One of the new features in Unity 2017.2 is linear rendering with WebGL 2.0. With linear rendering, you’re sure that the inputs, the outputs and the computation are in the correct color space. The brightness of the final image will go linearly with the amount of light in the scene. That means more consistent lighting across your scenes and assets.
Left: A linear gradient. Right: How our eyes perceive that gradient. Note where the borders (which are exactly mid-grey) merge with the gradient in each case
In Unity 5.5 we shipped linear rendering for Android with OpenGL ES 3.0 and iOS with Metal.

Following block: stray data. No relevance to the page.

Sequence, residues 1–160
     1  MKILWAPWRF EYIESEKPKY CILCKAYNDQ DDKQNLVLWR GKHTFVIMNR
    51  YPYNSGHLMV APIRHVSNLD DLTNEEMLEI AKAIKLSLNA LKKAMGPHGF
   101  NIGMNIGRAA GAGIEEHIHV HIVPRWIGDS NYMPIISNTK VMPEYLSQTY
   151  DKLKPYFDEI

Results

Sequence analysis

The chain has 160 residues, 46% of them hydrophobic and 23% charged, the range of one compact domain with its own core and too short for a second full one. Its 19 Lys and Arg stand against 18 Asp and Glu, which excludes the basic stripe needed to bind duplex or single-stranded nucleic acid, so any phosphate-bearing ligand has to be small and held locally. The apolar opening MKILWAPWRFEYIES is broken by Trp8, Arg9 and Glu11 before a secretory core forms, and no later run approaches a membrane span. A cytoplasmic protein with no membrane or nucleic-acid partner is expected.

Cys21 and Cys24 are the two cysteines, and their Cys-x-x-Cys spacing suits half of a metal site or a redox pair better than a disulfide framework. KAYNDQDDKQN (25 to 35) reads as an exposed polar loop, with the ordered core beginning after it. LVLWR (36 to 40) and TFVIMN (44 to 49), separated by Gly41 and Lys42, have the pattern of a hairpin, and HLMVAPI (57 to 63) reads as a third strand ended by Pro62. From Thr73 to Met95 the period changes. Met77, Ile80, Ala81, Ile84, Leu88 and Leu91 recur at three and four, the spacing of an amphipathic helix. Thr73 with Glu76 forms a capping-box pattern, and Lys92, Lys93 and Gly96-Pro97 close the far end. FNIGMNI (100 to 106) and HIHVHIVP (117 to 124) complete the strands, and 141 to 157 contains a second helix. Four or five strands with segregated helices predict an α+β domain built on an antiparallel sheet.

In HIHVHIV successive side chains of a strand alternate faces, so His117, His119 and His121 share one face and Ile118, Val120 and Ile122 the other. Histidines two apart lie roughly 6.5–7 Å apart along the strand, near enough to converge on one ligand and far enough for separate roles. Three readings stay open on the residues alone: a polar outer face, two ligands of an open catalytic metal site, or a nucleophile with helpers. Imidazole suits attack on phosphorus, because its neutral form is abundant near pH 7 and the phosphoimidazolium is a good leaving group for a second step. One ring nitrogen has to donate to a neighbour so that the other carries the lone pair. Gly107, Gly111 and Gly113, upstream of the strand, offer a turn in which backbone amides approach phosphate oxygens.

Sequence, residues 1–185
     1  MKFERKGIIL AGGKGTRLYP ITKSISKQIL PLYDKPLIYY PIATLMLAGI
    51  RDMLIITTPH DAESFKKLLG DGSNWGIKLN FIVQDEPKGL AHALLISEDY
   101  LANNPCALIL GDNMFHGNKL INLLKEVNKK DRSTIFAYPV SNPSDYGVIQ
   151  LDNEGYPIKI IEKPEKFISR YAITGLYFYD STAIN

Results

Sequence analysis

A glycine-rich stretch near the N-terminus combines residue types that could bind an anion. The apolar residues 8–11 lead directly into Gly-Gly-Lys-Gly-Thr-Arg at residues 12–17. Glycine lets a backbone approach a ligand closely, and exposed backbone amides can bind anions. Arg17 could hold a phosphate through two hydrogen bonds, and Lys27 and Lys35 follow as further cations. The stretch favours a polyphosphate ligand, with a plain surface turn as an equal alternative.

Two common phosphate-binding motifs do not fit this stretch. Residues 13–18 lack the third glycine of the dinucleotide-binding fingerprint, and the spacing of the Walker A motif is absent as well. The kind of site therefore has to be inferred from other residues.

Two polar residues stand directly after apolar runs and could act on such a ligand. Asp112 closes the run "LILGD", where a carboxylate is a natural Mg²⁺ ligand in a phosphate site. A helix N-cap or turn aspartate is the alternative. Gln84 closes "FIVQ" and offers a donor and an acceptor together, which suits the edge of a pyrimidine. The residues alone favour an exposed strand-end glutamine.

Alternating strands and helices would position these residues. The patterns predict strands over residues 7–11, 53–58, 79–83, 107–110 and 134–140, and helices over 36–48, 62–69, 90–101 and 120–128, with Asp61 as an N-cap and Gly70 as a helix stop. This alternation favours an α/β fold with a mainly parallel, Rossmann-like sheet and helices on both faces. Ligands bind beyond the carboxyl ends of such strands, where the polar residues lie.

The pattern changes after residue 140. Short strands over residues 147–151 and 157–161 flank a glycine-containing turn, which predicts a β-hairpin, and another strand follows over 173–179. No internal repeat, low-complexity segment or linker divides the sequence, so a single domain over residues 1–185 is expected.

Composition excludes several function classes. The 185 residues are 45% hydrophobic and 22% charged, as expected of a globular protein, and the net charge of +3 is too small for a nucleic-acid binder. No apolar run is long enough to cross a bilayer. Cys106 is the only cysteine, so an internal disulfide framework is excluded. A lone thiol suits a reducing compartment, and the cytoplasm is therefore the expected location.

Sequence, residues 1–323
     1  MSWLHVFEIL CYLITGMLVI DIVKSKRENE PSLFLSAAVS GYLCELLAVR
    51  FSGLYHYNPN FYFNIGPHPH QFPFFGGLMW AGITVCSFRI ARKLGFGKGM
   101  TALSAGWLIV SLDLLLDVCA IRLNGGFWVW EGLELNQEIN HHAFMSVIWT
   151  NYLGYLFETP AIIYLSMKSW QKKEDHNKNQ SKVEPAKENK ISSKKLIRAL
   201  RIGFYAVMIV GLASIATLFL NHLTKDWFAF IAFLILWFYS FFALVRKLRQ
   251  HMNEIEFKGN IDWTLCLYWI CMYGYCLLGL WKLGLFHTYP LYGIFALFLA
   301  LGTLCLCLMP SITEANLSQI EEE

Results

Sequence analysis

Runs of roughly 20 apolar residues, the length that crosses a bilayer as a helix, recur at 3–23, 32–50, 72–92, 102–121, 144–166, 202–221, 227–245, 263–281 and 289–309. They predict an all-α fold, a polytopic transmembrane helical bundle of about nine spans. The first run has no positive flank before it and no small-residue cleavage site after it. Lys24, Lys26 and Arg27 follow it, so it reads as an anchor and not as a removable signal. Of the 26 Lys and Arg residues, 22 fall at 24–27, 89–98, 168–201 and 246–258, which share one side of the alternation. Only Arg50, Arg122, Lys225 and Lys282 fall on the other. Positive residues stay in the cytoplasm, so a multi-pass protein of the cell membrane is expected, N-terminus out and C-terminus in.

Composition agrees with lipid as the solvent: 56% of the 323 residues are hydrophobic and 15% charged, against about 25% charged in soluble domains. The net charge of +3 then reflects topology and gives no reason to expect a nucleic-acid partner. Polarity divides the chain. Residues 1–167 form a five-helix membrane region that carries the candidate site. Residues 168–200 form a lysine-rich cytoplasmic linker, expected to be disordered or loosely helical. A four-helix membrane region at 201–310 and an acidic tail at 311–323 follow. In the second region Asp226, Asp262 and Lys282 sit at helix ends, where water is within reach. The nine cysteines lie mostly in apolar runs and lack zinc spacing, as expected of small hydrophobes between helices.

In Unity 2017.2, linear rendering is now supported on:
Linear rendering is particularly interesting because it allows you to use the Unity post processing stack, including temporal anti-aliasing, and get really good results with WebGL.
Linear rendering in Unity WebGL player works on any web browser that supports WebGL 2.0.
However, there is a performance caveat. We worked with the Khronos WebGL group to create a WebGL 2.0 extension to add support of sRGB DXT texture compression texture formats. If the web browser doesn’t support this functionality, Unity decompresses the sRGB DXT textures which results in a significant increase of bandwidth consumption. Thanks to Kenneth Russell and Kai Ninomiya from Google and Jeff Gilbert from Mozilla for their help on this extension.